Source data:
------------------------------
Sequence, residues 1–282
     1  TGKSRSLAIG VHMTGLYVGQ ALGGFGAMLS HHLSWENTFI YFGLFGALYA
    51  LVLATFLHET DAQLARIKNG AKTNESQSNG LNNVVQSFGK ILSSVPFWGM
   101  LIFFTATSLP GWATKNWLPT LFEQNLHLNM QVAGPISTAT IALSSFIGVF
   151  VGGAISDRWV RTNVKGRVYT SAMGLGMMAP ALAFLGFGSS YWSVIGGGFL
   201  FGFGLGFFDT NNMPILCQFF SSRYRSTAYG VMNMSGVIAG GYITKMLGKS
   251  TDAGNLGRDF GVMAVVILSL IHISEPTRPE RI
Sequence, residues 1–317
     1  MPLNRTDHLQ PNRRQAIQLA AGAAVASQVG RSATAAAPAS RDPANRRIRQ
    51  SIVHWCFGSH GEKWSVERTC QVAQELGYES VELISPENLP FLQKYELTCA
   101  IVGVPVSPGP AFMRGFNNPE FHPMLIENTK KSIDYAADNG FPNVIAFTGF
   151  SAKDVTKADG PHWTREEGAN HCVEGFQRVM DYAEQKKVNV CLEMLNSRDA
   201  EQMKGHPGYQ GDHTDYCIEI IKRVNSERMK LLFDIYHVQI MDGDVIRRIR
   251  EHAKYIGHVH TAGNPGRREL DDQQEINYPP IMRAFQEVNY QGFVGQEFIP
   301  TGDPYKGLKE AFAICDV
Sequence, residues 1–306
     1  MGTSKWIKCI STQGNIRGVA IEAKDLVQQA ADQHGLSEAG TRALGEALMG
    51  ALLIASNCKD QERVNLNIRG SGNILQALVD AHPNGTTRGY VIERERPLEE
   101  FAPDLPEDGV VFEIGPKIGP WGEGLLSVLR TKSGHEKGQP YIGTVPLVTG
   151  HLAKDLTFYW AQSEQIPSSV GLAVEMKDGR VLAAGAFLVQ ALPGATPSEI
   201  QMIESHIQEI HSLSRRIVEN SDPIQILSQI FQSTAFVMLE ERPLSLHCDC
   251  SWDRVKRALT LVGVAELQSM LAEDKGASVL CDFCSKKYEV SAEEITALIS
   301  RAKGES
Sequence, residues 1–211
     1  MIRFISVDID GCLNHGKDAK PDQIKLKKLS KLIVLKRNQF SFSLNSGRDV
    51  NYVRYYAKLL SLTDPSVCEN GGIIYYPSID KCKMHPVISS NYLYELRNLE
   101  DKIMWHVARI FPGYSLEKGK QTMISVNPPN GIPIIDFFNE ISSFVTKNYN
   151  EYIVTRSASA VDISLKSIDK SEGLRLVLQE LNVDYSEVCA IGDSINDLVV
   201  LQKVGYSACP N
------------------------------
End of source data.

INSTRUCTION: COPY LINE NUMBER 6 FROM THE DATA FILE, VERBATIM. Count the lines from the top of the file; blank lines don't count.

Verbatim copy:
   201  FGFGLGFFDT NNMPILCQFF SSRYRSTAYG VMNMSGVIAG GYITKMLGKS